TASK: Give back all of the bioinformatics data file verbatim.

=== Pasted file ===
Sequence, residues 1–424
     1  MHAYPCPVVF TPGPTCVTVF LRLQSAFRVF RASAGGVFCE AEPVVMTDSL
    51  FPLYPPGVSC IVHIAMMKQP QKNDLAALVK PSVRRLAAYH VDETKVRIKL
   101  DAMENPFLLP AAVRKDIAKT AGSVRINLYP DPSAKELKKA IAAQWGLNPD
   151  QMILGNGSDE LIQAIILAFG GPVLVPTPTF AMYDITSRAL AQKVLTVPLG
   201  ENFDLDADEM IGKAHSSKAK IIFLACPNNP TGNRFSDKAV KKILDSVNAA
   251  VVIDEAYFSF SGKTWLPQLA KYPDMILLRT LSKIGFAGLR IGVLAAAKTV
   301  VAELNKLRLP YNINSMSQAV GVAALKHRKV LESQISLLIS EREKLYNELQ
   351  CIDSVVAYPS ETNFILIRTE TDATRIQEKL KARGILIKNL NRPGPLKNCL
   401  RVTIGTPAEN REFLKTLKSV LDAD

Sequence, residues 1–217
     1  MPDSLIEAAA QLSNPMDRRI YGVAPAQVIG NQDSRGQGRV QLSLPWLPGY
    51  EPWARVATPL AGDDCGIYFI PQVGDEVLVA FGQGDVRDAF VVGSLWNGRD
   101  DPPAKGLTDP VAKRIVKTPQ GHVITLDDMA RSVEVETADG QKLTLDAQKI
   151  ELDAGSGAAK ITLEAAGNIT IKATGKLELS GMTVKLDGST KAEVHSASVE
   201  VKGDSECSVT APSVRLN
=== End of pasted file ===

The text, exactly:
Sequence, residues 1–424
     1  MHAYPCPVVF TPGPTCVTVF LRLQSAFRVF RASAGGVFCE AEPVVMTDSL
    51  FPLYPPGVSC IVHIAMMKQP QKNDLAALVK PSVRRLAAYH VDETKVRIKL
   101  DAMENPFLLP AAVRKDIAKT AGSVRINLYP DPSAKELKKA IAAQWGLNPD
   151  QMILGNGSDE LIQAIILAFG GPVLVPTPTF AMYDITSRAL AQKVLTVPLG
   201  ENFDLDADEM IGKAHSSKAK IIFLACPNNP TGNRFSDKAV KKILDSVNAA
   251  VVIDEAYFSF SGKTWLPQLA KYPDMILLRT LSKIGFAGLR IGVLAAAKTV
   301  VAELNKLRLP YNINSMSQAV GVAALKHRKV LESQISLLIS EREKLYNELQ
   351  CIDSVVAYPS ETNFILIRTE TDATRIQEKL KARGILIKNL NRPGPLKNCL
   401  RVTIGTPAEN REFLKTLKSV LDAD

Sequence, residues 1–217
     1  MPDSLIEAAA QLSNPMDRRI YGVAPAQVIG NQDSRGQGRV QLSLPWLPGY
    51  EPWARVATPL AGDDCGIYFI PQVGDEVLVA FGQGDVRDAF VVGSLWNGRD
   101  DPPAKGLTDP VAKRIVKTPQ GHVITLDDMA RSVEVETADG QKLTLDAQKI
   151  ELDAGSGAAK ITLEAAGNIT IKATGKLELS GMTVKLDGST KAEVHSASVE
   201  VKGDSECSVT APSVRLN